On one morning walk with her baby, Joe passes a group of young black men on the corner just below her apartment. She notices one in particular, in a baseball cap and cargos with shoulders that can bear loads. In a different part of her life, she would have had no trouble reeding the water, but on this occasion, she has to be quite a bit more active. Instead of setting a lure and waiting, she just has to go to the fish-monger and buy the thing pre-filleted. In actual fact, Joe hires an interpreter, a dude with a flimsy blazer and lazy haircut, to tell the African that this white woman wants to fuck. The African looks at Joe across the street and is pretty nonchalant about it all as he gives the interpreter the address and time. He doesn’t crack a smile, flirty or otherwise. And he shows up at the rendezvous-point with the same business-manner and doesn’t bother to explain the presence of his younger brother (Joe does explain in voiceover: “A sandwich is a sensitive thing as the men can apparently feel each other through the membrane”). The two men negotiate in some pidgin-sounding language. They move Joe around, unbutton her blouse, and point at her ass and lower back. They’re opening the hood and kicking the tires. Funny, the look on Joe’s face, not of fear or desire, but of curious-waiting, like that of a tourist watching two local cab-drivers babbling over who’ll get the fare. The men try and then they mount her for about 10 seconds before hopping off to continue their negotiation over the membrane. Joe in the background of the shot framed by two black dicks in the foreground. The men will go on babbling even when she’s put on her coat and snuck out the room.

Part II does feel a bit less dynamic than Part I as our protagonist no longer has the same immense power. The comedy of how she can twist men has disappeared. Part II deals with age and time-passing, more dour ideas. Back in the present, in that stuffy apartment where Joe tells her story, Seligman even points out that had she been not an older woman, but an older man, a man who’d chosen appetite over family and love, it wouldn’t have been an issue or even made for an interesting question. If she’d been a man, the movie might not have opened with Joe unconscious in an alley and smelling of urine. A man would not make for either comedy or tragedy. He would be the new normal. There’s even a parallel between Joe’s last night ever with her husband and son to the scene in Part I, the night when one of Young Joe’s suitors, his wife, and their sons showed up at her den of iniquity (that scene where Uma says to her son to bring his father that handmade gift, the embroidered pillow, where she asks if she can show the boys the whoring bed; part I’s funniest sequence). When the reverse happens to Older-Joe in Part II, when she chooses sex over her family, it’s not funny at all. There’s nothing to laugh about when Jerome wakes up their infant son and forces Joe to look at him and say goodbye before she leaves for some S&M. On Christmas Eve. She grips the crib-bars and doesn’t look at her baby’s face, just storms out in tears.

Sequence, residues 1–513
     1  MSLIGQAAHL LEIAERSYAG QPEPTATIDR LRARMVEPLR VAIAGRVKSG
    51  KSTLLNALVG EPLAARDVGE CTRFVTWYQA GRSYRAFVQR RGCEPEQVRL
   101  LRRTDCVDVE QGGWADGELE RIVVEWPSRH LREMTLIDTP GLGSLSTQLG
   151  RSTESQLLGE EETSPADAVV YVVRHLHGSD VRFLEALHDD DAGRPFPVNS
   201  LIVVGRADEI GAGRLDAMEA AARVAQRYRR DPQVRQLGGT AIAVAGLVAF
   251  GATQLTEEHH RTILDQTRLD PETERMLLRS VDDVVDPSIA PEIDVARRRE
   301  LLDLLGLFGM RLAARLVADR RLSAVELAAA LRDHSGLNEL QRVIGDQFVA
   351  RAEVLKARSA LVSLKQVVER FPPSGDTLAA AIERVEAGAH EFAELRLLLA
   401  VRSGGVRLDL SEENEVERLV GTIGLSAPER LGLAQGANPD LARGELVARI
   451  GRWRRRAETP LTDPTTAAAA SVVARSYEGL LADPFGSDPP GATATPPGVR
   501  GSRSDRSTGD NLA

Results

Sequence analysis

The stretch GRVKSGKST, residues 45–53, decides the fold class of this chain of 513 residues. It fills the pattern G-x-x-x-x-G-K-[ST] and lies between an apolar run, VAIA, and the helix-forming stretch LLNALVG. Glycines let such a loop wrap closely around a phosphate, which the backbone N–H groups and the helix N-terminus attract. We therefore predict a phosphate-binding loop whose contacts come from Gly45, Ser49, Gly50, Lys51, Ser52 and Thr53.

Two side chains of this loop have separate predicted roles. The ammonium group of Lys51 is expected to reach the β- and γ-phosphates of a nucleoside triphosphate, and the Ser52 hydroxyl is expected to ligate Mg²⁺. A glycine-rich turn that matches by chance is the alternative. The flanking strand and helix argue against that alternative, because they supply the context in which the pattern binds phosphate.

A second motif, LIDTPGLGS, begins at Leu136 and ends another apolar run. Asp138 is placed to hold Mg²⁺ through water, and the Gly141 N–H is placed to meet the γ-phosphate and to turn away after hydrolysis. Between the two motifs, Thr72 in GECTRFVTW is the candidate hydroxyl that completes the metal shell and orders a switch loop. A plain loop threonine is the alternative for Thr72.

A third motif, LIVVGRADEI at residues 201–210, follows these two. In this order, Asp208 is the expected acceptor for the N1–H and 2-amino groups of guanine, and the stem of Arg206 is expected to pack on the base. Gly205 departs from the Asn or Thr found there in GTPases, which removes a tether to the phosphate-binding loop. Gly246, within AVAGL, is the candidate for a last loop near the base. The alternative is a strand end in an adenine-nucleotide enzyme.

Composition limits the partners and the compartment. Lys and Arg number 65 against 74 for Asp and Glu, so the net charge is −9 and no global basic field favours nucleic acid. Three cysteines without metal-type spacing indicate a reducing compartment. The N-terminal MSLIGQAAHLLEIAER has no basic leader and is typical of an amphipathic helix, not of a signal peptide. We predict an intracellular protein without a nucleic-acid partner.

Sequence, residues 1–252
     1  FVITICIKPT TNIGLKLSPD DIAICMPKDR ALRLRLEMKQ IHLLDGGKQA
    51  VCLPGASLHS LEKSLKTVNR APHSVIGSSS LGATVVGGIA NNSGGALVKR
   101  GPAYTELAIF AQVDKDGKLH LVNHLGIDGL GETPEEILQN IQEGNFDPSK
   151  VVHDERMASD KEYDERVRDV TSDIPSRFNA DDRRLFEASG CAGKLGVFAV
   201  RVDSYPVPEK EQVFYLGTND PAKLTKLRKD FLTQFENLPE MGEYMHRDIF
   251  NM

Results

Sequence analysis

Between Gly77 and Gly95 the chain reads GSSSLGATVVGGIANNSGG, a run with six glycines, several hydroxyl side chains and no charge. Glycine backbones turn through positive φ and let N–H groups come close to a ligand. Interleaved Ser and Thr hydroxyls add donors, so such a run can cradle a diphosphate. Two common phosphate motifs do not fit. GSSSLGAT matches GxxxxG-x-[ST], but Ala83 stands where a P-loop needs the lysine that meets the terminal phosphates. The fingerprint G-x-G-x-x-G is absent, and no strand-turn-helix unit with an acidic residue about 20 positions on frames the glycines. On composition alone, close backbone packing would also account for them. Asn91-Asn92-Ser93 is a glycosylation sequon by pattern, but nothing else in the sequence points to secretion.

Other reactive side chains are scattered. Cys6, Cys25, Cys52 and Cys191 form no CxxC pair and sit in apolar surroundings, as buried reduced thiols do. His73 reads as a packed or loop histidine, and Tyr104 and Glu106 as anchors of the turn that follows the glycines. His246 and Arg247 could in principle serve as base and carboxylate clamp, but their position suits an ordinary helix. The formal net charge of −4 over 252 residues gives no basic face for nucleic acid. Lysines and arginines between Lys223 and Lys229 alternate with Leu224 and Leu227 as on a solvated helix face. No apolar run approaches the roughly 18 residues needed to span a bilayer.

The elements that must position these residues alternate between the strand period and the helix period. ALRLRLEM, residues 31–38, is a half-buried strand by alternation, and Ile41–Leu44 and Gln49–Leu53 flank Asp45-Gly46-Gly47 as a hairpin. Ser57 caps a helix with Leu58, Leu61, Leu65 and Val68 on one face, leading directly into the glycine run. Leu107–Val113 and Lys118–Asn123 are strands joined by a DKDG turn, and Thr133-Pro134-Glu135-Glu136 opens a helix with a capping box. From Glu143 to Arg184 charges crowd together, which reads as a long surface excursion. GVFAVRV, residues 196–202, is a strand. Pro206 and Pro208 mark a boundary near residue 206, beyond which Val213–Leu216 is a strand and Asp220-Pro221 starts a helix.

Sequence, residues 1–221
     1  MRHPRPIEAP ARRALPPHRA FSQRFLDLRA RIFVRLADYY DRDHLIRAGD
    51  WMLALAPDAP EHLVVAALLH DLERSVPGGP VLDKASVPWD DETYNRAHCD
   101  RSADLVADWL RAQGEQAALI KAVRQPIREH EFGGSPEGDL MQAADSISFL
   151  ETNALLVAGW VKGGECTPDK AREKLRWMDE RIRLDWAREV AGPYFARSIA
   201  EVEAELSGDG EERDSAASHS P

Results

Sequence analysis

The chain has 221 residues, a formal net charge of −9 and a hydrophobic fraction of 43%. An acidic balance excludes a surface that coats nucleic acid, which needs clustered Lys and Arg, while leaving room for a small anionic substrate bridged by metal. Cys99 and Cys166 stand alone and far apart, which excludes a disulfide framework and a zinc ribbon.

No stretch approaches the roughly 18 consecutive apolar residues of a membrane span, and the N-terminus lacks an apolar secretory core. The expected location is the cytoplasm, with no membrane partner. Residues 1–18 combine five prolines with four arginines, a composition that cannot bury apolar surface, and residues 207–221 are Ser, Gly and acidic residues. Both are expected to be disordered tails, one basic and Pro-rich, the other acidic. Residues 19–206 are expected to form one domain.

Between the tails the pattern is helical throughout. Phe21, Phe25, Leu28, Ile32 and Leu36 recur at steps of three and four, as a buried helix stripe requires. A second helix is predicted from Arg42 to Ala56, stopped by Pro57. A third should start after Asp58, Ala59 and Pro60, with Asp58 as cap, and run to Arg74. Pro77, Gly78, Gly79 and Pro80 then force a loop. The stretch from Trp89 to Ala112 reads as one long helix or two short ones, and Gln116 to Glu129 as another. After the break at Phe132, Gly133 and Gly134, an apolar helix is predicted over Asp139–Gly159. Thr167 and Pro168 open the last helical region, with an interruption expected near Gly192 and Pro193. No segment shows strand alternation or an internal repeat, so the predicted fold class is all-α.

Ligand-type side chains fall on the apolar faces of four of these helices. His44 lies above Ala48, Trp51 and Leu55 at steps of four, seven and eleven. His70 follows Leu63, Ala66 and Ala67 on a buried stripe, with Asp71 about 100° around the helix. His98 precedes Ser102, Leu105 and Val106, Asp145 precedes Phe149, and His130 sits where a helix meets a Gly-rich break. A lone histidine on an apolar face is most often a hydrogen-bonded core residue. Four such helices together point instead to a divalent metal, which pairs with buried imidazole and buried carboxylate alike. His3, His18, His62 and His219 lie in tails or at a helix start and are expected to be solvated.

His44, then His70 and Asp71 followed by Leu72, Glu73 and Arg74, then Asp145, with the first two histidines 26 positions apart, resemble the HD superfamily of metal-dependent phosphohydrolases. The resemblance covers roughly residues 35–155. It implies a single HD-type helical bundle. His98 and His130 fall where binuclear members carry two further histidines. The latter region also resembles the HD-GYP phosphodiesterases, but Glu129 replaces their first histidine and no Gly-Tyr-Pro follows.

Part II is just heavier than the first. It’s partly because it’s unpacking the societal reaction to the idea of the still-voracious older woman-mother. It’s partly because of a kind of power that a young-woman possesses and an older one doesn’t. It’s stark the way Young Joe had to just struggle to manage her appointments and how older Joe has to search out her sex. She’s not admired in the same way anymore, has to get a translator to enlist her African. Has to wait in a holding room for an S&M session. And throughout both Part I and II, through hardcore-anecdote and flirting, Older Joe fails to get Seligman to bite and take the bait. Obviously, a bruised, used, older woman isn’t total catnip, but maybe he’d give her a shot if the circumstances were right. I mean, if she really wanted it, like as a favor to her.

humansofnewyork:

"I do social work, focusing on young families. Basically I play and dance with babies."

humansofnewyork:

"I do social work, focusing on young families. Basically I play and dance with babies."

koffrey:

Many who follow entertainment in Hollywood will have a tough time wrapping their head around you–

Deal with it. [x]

(via specialedition87)

V V Brown

—This Charming Man (The Smiths Cover)

avantblargh:

VV Brown - This Charming Man (Cover)

this is incredible i am screaming 

(Source: emptylighters)